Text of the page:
Journalists are human.
That is an undisputed fact, though many in Canberra – not necessarily politicians- regard them as the spawn of hell.
“Never paid his rent on time, never cut the grass’ are familiar complaints from landlords who rent to members of the Gallery, who, in their turn simply insist that, unlike Canberran landlords, there are more important things to do like cutting the grass on Sunday afternoon.
That journalists are human was proven last week when former radio man Mike Welsh revealed that ABC political reporter Andrew Probyn had gone on air to protest the ACT government’s abolishing some special school bus services, including, it appeared, the little Probyns’ bus service.
On air, Probyn called him ‘Andre’ but such is the nature of Canberra’s media class, that his voice was immediately recognised, wrote Welsh, and ‘Andre’ was outed as ‘Andrew’.
Indonesian journalists have the same drive and determination as Australian ones, and the same devotion to their wives and children. Which is why it was especially gratifying that a much respected, elder man of the media chose to give me his thoughts on the current topic du jour, which the Australian media has been excited about for at least since the Wentworth by-election – the proposed moving of our embassy from Tel Aviv to Jerusalem.
So was Indonesia really so affronted by this proposal
And how would it really affect our bilateral relationship if actioned?
One thing about the upper classes in countries that have previously been colonised by Europeans is that they understand the subtleties and ironies of realpolitik.
I can feel my friend – let’s call him Pak Christanto, it isn’t his name – grinning all the way from Jakarta to Canberra, a clove cigarette swinging from his fingers.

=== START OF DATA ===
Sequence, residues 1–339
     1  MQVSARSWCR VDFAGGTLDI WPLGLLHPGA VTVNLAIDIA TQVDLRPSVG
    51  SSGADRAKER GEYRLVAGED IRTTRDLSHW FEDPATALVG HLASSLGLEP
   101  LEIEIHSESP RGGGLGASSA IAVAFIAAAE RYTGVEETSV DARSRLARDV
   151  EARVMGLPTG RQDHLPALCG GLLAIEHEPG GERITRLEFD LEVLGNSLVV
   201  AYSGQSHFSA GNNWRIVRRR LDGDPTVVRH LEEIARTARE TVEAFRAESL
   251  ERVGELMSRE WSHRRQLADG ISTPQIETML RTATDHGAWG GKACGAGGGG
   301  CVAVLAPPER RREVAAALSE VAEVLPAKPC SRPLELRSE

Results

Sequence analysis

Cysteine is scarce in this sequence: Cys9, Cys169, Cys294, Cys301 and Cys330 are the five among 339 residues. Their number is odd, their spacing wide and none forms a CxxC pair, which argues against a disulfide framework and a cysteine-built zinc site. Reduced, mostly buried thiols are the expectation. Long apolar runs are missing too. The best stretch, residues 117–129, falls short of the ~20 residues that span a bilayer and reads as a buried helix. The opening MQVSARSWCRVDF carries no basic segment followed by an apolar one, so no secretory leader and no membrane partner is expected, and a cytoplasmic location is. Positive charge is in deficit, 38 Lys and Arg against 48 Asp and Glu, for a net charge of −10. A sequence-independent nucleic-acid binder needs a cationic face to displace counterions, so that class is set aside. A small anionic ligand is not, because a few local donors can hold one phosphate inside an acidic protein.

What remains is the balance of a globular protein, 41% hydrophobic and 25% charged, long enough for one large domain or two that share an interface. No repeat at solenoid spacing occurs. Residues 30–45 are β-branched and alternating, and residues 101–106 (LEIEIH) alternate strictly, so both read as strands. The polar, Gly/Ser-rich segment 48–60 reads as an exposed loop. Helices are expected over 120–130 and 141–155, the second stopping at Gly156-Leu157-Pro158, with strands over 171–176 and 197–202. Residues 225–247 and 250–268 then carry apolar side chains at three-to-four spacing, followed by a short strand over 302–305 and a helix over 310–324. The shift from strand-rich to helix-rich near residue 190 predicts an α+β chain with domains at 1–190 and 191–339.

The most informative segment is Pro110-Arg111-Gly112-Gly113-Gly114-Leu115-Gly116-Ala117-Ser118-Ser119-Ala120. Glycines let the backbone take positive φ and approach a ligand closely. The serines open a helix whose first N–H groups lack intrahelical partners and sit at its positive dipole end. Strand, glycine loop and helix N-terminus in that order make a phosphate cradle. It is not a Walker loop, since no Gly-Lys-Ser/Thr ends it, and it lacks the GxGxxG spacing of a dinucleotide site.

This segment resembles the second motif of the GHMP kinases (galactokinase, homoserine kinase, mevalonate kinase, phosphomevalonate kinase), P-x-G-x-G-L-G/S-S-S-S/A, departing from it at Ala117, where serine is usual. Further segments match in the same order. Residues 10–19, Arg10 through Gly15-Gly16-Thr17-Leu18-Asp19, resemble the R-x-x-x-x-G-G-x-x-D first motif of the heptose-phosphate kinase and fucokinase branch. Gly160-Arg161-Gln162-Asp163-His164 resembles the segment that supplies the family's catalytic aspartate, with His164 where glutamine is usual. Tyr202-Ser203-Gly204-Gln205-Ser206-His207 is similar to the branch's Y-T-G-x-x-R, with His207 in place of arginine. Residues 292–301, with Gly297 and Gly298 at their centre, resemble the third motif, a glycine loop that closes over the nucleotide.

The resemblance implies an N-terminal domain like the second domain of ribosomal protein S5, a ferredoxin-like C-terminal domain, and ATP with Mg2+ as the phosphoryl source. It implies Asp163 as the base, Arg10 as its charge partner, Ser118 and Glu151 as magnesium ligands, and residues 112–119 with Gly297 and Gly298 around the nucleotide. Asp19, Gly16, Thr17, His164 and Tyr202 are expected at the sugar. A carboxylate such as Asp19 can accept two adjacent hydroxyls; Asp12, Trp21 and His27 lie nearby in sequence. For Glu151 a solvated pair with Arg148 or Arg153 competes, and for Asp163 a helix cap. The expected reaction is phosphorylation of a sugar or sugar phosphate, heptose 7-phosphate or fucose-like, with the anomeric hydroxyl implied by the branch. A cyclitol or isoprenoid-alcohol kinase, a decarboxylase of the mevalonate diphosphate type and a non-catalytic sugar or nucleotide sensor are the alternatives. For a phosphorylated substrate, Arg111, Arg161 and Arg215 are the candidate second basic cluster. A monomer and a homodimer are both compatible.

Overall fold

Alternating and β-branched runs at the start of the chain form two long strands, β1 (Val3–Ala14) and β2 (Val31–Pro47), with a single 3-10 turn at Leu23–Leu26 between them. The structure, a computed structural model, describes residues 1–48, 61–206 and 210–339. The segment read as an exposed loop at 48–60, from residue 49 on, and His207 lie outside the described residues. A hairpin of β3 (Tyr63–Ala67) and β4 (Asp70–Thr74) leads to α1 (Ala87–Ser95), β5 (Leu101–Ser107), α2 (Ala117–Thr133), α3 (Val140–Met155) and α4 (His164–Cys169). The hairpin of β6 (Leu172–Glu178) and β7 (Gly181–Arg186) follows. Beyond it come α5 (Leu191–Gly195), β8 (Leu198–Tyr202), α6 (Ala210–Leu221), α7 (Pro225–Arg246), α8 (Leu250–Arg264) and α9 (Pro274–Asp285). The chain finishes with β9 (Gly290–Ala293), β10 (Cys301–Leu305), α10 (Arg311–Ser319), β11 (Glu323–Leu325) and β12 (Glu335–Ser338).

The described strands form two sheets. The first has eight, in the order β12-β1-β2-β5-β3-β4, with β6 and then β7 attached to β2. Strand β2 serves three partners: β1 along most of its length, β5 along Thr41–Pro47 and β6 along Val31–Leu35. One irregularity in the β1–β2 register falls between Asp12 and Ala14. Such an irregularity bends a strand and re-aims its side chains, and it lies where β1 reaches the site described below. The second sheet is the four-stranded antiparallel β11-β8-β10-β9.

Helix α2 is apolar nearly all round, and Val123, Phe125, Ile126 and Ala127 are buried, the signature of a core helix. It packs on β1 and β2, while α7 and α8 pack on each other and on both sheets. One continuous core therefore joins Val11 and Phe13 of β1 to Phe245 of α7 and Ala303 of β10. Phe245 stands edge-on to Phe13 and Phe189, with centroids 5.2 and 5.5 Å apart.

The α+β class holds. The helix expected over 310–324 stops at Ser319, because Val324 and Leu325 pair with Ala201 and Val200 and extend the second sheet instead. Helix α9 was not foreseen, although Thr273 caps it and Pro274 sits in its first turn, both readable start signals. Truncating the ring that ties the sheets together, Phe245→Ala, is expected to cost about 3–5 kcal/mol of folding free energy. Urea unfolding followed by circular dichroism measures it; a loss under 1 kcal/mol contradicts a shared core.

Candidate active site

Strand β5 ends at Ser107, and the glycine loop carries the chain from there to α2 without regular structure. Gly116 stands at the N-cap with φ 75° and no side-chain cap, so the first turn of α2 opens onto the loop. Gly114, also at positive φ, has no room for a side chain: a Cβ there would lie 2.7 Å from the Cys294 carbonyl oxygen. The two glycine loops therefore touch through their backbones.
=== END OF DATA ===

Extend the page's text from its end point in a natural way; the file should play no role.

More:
“You are a sovereign nation,’ he says, “a rich, sovereign nation. My President said what he was expected to say. But your Australian media is now, how shall I say, keeping the issue alive. Honestly, we do not have the right to veto any move a sovereign nation takes unless it threatens our security. And this clearly does not. It is a matter for Australians. But it is a useful ball to kick at the moment.”
Pak, I can tell, is still grinning. I can almost smell the cigarette.
“You know, we are sometimes like Semar, the trickster in our wayang kulit, the puppet show. We can seldom resist making a little mischief here, a little there, just to see what happens. “When Australia suddenly – no warning – ended beef exports, what do you think happened?
“People lost their jobs because hotels could no longer keep them on, food became too expensive – by food I mean meat, because it is not only foreigners who like meat, we Indonesians eat it too.
“If tourists cannot get the food they want to eat, they will go somewhere else on holiday, Thailand, Sri Lanka, Malaysia. But don’t get this wrong. We like Australia, we like to have you as friends. It is just that all politicians must please their constituencies. And journalists must get a story.”
So there we are. Journalists are human.
It’s just that, like the ABC’s Indonesia correspondent, they don’t always understand that politics is a two-way street. Just like journalism. Forgive us our press passes.
Got something to add? Join the discussion and comment below.